June 18--From the time her little sister was born at Naval Hospital Jacksonville's facility at the Jacksonville Naval Air Station, Natalia Rodriguez has been interested in medicine.
That's why the 16 year old rising junior at Darnell-Cookman School of the Medical Arts, began attending Duval County's medical magnet school when she was in the sixth grade.
It's why she spent a week last summer participating in Naval Hospital Jacksonville's Science, Service, Medicine and Mentoring (S2M2) program, which she called "a life changing experience" that convinced her to become a physician specializing in obstetrics.
So this week she is back, one of 10 Darnell-Cookman students going through S2M2 training, an option Darnell-Cookman students have had since 2010. Tuesday, she and fellow Darnell-Cookman students Elizabeth Mauch, a 14-year-old rising sophomore, and Rashay Jenkins Jr., a 15-year-old rising sophomore, spent the afternoon in Naval Hospital Jacksonville's simulation lab, learning medical techniques while working on computerized manikins. The Darnell-Cookman students were joined by Anthony LaFlash, a 15 year old rising sophomore at Orange Park High School, who was on his first day at the hospital as a Junior Red Cross volunteer.
Among the techniques Rich Cook, director of the simulation lab, showed the students was inserting IV needles and using needles to draw blood. That posed a problem for Natalia, who admitted she isn't comfortable around needles. The first time Cook held one up, she turned away. When he showed her the IV needle, she looked horrified.
She wasn't the only one uncomfortable with the needles. As Cook held up a needle designed specifically to administer a test for tuberculosis, Rashay, shook his head.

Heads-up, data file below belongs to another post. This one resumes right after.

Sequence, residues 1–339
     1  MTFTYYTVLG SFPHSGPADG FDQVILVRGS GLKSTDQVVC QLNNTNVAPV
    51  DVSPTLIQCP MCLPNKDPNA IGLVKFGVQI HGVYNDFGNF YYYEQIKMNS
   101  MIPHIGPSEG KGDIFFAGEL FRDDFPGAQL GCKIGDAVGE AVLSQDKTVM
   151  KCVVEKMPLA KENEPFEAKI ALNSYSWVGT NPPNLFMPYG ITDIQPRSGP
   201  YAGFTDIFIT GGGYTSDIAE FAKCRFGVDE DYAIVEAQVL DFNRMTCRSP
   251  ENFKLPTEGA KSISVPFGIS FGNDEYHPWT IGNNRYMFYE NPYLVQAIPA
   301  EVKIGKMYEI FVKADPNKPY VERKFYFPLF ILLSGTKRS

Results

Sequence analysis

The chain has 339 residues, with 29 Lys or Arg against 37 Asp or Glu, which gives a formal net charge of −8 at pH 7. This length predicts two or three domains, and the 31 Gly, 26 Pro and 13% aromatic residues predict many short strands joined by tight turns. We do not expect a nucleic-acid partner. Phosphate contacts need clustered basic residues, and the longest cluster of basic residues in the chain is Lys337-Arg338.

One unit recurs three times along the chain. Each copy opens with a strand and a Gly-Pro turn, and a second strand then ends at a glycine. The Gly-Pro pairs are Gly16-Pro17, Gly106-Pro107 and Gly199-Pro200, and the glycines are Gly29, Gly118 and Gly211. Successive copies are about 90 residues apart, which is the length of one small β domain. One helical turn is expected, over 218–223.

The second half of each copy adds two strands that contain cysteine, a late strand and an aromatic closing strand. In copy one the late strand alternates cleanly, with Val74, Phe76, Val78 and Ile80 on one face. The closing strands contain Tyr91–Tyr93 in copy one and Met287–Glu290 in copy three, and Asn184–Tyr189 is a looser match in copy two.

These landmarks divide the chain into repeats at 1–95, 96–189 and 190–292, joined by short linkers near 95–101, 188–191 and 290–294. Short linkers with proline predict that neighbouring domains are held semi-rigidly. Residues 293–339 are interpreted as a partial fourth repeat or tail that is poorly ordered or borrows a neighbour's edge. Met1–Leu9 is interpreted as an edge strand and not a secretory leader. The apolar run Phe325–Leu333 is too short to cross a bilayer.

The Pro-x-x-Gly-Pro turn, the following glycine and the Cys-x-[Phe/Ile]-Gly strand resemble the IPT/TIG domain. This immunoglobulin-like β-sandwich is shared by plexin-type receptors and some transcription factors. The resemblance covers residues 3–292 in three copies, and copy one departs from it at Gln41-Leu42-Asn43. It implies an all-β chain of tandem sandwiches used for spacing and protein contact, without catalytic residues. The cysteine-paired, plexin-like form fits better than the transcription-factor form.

"When I got my TB test, I broke out in a cold sweat," he said.
If they were uncomfortable with needles, the students seemed to be having a wonderful time with all the other techniques they were learning. They checked pulses and measured blood pressure, first on a computerized manikin Cook called SimMan, then on each other.
With Petty Officer Third Class David DeFiore controlling SimMan wirelessly from his computer, the manikin could speak, moan and groan and make various body sounds. He could blink and cry. Students could put a tube in his mouth or touch his tongue.
"He's not going to bite," Cook assured them.
Students took turns listening to SimMan's heart, lungs and bowels using a stethoscope. Cook made a battle of the sexes contest out checking SimMan's pulse. Natalia and Elizabeth went first. Both got thumbs up from Cook after coming very close to the pulse of 125 that DeFiore had programmed.
"Girl power," Natalia said with a grin.
"Don't let the girls show you up," Cook told Rashay and Anthony.
They didn't, each getting within a couple of beats of SimMan's new pulse of 188.
Rashay said he is attending Darnell-Cookman partly because it's an excellent school, one which the Washington Post recently ranked 15th on its list of America's most challenging high schools. He would like to become a medical illustrator.
Elizabeth said her goal is to become a forensic anthropologist like the main character in her favorite TV show, "Bones."
Naval Hospital Jacksonville, which includes a hospital at NAS Jacksonville and five branch clinics in Florida and Georgia, does the week long S2M2 program for Darnell-Cookman students each summer. Besides spending time in the simulation lab, the students do rotations in family medicine, cardiology/internal medicine, surgery/anesthesiology, orthopedics and the maternal infant unit. They also spent a morning at the Hospital Corpsman University, learning about techniques to stabilize patients in combat situations.
Charlie Patton: (904) 359-4413
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